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Flooding and Tornado Risk Continues in Florida Panhandle as Tropical Storm Cristobal Moves Inland.

Tropical Storm Cristobal is expected to make landfall in Louisiana Sunday evening, spreading heavy rain, potential flooding, and the risk of tornadoes across the Florida Panhandle and as far east as Jacksonville.

A Tropical Storm Warning remains in effect for coastal Escambia, Santa Rosa, and Okaloosa counties, or roughly all coastal areas west of Eglin Air Force Base in the Florida Panhandle. Tropical storm force wind gusts (greater than 39 mph) are likely in these areas now through Sunday night.

A Flash Flood Watch remains in effect for all coastal and inland areas from Florida’s Big Bend to Pensacola through Sunday night and Monday morning, respectively. Flooding has been ongoing or was imminent in and around the Suwannee River Valley, where Flash Flood Warnings were issued and parts of I-10 had to be closed from flooding. Radar estimates in this area suggest that nearly a foot of rain has fallen over the past 48 hours.

An additional 2 to 4 inches of rain is possible across the advised area through Monday, with locally higher amounts possible.

A few brief tornadoes and waterspouts are also possible as the large circulation from Tropical Storm Cristobal rotates through the Florida Panhandle and North Florida.

A Coastal Flood Advisory is in effect from the Florida-Alabama state line to Horseshoe Beach along Florida’s Nature Coast. Water inundation of 1 to 3 feet above normally dry ground will remain possible in these areas, especially at times of high tide through Monday.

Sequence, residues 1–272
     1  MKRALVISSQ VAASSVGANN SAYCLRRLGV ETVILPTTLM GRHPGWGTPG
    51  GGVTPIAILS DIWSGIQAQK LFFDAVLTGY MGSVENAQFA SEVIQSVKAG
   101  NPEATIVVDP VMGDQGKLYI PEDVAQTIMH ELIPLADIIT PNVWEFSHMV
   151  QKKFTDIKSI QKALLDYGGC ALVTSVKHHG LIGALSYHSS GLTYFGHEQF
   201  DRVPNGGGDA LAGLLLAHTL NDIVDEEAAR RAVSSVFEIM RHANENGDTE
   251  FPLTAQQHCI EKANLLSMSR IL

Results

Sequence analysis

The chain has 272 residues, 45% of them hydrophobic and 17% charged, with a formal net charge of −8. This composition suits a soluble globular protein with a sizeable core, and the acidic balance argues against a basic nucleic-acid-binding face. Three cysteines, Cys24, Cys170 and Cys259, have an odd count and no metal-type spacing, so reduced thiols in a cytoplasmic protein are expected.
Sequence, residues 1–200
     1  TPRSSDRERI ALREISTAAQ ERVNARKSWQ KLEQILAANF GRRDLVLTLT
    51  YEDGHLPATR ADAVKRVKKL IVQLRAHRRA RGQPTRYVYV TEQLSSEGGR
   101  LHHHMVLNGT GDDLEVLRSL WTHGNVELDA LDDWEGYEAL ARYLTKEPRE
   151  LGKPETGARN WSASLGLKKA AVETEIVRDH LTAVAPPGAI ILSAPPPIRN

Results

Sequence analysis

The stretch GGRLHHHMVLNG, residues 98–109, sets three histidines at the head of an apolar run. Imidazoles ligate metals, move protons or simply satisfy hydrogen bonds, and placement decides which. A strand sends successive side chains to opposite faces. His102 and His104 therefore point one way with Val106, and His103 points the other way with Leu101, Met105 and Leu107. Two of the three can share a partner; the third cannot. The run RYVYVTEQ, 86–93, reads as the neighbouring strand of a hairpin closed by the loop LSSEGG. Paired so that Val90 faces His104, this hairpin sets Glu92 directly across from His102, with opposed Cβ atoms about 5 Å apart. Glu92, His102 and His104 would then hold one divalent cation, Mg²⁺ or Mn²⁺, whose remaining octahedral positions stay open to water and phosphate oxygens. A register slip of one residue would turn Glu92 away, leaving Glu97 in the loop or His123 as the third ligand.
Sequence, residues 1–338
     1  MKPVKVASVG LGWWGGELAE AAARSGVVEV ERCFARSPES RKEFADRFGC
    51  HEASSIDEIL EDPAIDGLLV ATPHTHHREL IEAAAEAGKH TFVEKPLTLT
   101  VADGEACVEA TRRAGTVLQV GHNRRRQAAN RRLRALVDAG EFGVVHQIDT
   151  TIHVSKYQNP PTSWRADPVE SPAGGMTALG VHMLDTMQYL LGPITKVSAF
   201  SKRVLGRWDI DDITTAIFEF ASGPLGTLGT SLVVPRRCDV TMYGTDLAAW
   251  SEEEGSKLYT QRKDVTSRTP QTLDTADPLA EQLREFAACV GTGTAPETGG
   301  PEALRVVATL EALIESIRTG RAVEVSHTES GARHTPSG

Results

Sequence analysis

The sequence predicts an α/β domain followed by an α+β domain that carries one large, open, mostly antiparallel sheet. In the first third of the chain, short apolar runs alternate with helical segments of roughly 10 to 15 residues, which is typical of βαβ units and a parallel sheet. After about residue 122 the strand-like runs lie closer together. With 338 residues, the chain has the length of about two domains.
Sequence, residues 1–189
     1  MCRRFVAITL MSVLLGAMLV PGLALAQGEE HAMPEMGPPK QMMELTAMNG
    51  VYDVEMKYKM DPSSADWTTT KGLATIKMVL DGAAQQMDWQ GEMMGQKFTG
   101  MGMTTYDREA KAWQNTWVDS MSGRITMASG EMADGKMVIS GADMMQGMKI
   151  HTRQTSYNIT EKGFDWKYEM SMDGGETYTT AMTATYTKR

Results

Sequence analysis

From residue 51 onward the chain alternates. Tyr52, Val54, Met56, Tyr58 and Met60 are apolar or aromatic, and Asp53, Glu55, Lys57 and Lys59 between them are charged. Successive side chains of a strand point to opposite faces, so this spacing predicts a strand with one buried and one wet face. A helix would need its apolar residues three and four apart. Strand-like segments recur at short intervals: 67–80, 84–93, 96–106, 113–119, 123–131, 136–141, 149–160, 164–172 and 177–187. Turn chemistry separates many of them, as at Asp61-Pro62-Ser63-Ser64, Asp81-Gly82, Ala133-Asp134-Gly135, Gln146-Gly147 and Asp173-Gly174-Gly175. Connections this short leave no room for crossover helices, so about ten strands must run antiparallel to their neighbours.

Cristobal is expected to continue northward, losing strength and likely degrade into a Tropical Depression on Monday, when the storm moves across the lower Mississippi River Valley.

The widespread hazards from Tropical Storm Cristobal will subside across Florida Sunday night, but ample amounts of moisture will likely stay stay in place through at least midweek. A summer-like pattern will take over beginning Monday, with the majority of showers and thunderstorms being scattered and developing mostly in the afternoon hours along sea breeze interactions.

Sources include nearest National Weather Service office, National Hurricane Center, and the Florida Public Radio Emergency Network (@FloridaStorms).
Sources include nearby emergency management agencies, FEMA, and your local NPR affiliate. 
Sources include the Florida Department of Transportation, Florida Highway Patrol and other nearby traffic information.

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Partners of the Florida Public Radio Emergency Network include: Florida's Division of Emergency Management, WDNA (Miami), WFIT (Melbourne), WMFE (Orlando), WFSU (Tallahassee), WGCU (Fort Myers), WJCT (Jacksonville), WKGC (Panama City), WLRN (Miami), WMNF (Tampa-Sarasota), WQCS (Fort Pierce), WUFT (Gainesville-Ocala), WUSF (Tampa), WUWF (Pensacola) and Florida Public Media.

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